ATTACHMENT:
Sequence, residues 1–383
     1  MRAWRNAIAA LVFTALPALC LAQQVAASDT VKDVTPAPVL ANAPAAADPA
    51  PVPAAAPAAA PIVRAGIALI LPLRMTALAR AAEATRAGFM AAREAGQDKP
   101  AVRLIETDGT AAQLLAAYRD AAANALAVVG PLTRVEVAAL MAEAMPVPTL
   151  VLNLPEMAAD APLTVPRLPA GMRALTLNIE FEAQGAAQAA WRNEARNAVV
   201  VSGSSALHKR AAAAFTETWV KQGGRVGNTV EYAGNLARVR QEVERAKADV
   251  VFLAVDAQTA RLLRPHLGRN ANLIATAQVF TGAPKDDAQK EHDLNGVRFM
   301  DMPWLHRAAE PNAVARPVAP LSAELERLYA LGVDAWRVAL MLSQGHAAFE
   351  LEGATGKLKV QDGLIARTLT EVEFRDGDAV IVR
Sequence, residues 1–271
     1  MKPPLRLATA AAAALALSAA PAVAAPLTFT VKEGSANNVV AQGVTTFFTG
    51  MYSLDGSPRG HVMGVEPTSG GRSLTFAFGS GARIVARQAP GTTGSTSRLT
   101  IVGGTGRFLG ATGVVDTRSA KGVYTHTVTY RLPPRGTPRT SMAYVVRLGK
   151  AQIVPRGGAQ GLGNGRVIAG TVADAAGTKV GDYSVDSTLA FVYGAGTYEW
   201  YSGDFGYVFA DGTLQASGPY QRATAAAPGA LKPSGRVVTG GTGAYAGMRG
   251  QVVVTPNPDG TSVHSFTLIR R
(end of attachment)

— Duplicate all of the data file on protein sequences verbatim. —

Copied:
Sequence, residues 1–383
     1  MRAWRNAIAA LVFTALPALC LAQQVAASDT VKDVTPAPVL ANAPAAADPA
    51  PVPAAAPAAA PIVRAGIALI LPLRMTALAR AAEATRAGFM AAREAGQDKP
   101  AVRLIETDGT AAQLLAAYRD AAANALAVVG PLTRVEVAAL MAEAMPVPTL
   151  VLNLPEMAAD APLTVPRLPA GMRALTLNIE FEAQGAAQAA WRNEARNAVV
   201  VSGSSALHKR AAAAFTETWV KQGGRVGNTV EYAGNLARVR QEVERAKADV
   251  VFLAVDAQTA RLLRPHLGRN ANLIATAQVF TGAPKDDAQK EHDLNGVRFM
   301  DMPWLHRAAE PNAVARPVAP LSAELERLYA LGVDAWRVAL MLSQGHAAFE
   351  LEGATGKLKV QDGLIARTLT EVEFRDGDAV IVR
Sequence, residues 1–271
     1  MKPPLRLATA AAAALALSAA PAVAAPLTFT VKEGSANNVV AQGVTTFFTG
    51  MYSLDGSPRG HVMGVEPTSG GRSLTFAFGS GARIVARQAP GTTGSTSRLT
   101  IVGGTGRFLG ATGVVDTRSA KGVYTHTVTY RLPPRGTPRT SMAYVVRLGK
   151  AQIVPRGGAQ GLGNGRVIAG TVADAAGTKV GDYSVDSTLA FVYGAGTYEW
   201  YSGDFGYVFA DGTLQASGPY QRATAAAPGA LKPSGRVVTG GTGAYAGMRG
   251  QVVVTPNPDG TSVHSFTLIR R